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Productivity depends on farm safety net
One size fits all -- when most shoppers see that label on clothing, it doesn’t inspire much confidence that the garment will suit them. People come in all shapes and sizes.
The same can be said of farm programs. One program cannot and does not fit all farmers. What works well for Southern cotton growers or farmers in New England is probably not the best way to help Midwestern soybean farmers or Western wheat growers get through a difficult year so they can keep putting food on market shelves. Even from one year to the next, different programs can make up stronger or weaker threads in the fabric of the food and farm safety net, depending on volatile markets and weather.
That’s why the American Farm Bureau recently sent Congress farm bill recommendations that call for a “big picture” approach -- one that maintains most current farm programs rather than depending on just one or two -- to provide a safety net for different types of farmers in all regions.
The ax has to fall somewhere, however. A congressional “super-committee” has met this fall to come up with at least $1.2 trillion in budget cuts. Every part of the federal budget is likely to be trimmed. The cuts to the farm bill, including farm, conservation, and nutrition programs, could be anywhere in the range of $10 billion to $40 billion.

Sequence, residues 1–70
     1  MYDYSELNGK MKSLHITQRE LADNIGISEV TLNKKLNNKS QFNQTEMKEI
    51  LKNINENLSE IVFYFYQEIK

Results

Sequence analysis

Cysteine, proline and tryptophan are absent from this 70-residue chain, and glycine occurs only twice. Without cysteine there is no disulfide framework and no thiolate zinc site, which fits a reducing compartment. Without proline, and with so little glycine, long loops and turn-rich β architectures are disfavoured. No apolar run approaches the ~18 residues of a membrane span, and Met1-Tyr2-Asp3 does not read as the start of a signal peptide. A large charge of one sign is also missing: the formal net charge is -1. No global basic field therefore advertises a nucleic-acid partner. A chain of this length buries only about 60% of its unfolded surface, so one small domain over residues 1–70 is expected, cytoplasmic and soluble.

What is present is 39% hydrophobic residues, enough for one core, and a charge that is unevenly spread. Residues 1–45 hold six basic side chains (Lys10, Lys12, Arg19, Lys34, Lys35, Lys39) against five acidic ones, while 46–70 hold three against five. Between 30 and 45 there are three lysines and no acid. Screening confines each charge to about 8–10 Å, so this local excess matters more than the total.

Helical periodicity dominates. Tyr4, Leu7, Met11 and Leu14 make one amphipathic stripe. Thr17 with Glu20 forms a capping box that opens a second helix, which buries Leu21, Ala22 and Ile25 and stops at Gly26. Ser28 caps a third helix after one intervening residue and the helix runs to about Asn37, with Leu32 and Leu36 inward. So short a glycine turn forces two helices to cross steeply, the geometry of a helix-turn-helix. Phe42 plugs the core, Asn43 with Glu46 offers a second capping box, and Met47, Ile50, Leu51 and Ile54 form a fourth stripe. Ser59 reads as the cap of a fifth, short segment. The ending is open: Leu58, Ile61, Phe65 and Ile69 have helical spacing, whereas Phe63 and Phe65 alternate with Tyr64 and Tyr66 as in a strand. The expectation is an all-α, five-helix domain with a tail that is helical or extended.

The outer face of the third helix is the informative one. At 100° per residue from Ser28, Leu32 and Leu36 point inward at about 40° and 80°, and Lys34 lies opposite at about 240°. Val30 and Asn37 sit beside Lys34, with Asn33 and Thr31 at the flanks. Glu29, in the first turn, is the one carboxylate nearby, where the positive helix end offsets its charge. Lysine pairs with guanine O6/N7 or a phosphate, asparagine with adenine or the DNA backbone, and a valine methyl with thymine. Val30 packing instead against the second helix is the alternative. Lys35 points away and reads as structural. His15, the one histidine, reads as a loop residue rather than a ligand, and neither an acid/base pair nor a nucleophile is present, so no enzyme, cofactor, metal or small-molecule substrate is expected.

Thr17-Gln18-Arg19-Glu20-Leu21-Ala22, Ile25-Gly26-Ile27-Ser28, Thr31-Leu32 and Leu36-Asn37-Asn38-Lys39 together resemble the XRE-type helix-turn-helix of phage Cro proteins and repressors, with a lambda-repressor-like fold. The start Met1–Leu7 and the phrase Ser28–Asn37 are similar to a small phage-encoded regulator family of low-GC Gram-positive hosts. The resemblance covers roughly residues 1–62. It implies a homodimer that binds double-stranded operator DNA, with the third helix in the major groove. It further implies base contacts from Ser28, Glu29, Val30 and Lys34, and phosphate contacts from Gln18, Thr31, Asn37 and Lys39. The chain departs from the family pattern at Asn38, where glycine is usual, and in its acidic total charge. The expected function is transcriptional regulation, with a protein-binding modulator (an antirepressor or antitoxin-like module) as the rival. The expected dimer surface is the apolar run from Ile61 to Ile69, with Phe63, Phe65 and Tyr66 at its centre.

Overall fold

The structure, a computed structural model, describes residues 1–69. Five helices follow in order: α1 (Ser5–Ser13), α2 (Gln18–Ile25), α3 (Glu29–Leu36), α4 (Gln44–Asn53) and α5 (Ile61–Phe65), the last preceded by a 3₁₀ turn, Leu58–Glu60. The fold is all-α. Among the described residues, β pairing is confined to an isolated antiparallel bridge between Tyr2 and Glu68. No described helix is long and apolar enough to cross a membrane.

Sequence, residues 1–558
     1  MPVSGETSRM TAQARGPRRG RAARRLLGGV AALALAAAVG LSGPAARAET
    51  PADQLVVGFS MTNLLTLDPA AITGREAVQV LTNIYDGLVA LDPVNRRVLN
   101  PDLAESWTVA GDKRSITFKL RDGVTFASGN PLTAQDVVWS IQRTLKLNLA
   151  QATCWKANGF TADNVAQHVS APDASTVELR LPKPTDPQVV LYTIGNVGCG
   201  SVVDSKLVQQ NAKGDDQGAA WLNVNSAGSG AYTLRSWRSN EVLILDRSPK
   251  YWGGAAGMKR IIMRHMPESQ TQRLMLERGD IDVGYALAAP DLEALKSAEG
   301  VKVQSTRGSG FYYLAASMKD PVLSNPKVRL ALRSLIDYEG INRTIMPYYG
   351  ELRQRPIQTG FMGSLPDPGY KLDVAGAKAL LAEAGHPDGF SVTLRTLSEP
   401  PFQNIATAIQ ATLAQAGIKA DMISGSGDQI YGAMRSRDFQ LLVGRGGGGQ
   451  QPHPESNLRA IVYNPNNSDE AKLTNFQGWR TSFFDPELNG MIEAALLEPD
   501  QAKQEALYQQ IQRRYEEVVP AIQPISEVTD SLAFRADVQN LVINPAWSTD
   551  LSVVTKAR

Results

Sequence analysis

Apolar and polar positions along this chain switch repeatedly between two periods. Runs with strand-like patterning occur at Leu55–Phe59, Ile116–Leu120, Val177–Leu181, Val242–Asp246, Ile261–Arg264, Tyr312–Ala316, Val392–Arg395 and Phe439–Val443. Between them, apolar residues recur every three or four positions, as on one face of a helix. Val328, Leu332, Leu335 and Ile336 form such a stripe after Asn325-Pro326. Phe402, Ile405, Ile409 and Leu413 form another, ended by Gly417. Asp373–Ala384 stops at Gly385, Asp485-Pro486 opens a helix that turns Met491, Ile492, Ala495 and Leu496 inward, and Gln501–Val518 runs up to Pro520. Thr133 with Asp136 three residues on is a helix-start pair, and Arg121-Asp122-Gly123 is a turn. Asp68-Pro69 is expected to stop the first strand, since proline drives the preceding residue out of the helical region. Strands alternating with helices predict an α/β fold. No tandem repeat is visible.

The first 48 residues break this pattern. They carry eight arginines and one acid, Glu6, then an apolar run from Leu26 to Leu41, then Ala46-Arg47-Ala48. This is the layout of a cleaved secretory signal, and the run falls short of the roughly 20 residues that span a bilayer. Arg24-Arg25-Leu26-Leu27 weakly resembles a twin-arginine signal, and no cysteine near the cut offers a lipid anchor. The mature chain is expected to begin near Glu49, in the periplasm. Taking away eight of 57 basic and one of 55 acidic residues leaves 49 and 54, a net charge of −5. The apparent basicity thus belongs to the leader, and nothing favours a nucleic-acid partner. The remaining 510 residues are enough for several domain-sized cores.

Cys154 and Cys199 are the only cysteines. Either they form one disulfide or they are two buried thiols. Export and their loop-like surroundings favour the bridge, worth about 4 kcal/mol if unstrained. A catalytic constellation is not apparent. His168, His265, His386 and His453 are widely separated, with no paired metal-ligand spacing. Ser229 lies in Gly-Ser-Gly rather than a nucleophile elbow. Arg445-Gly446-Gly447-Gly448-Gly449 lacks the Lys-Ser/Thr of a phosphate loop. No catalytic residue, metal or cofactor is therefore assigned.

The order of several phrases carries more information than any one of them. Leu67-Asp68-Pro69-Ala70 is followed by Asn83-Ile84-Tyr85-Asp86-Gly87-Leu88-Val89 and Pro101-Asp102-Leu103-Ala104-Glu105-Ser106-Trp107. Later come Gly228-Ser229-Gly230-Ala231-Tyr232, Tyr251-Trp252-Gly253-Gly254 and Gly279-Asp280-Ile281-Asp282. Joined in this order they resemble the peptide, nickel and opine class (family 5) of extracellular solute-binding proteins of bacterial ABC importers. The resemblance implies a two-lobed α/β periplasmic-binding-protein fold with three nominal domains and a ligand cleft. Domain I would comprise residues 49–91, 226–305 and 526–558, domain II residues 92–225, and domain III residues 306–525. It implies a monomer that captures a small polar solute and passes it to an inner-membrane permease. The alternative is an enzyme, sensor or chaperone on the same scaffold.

Farm Bureau represents all types of farmers and ranchers in all 50 states and Puerto Rico. Unlike some groups that have called for absolutely no reductions in favored programs, Farm Bureau is taking a more practical stance. It recommends that an equal proportion, 30 percent, of the needed funding cuts be made in commodity, conservation, and nutrition programs, with another 10 percent made in the increasingly important crop insurance program.
The cuts in nutrition programs could come from administrative changes rather than program benefit cuts. The cost of administering conservation programs also could be reduced by consolidating them.
When your clothing budget gets smaller, you don’t stop buying shirts or pants altogether. You look for ways to save here and there. That’s what Farm Bureau is asking Congress to do with cuts to farm bill programs -- spread them around, but still keep everyone “covered.”
Some say farmers don’t need a safety net, because this year’s market prices are high for most commodities. But, so are production costs. Also, cotton and wheat yields are low, in some places nonexistent, because of drought in the Southern Plains. If a farmer doesn’t have a crop or livestock to sell, good prices don’t benefit him much. Through the current dual structure of risk management and income support programs, the farmer can make it through to another year, ensuring that all of us have a top-quality, stable, and economical food supply.
The farm safety net has evolved over the last seven decades. And it will continue to change, as it should -- to make farm programs work their best in today’s budget environment. However, Congress should maintain the complete suit of current farm programs. Even a thinner coat keeps you warmer than none at all.
Lynne Finnerty is the editor of FBNews, the newspaper of the American Farm Bureau Federation.
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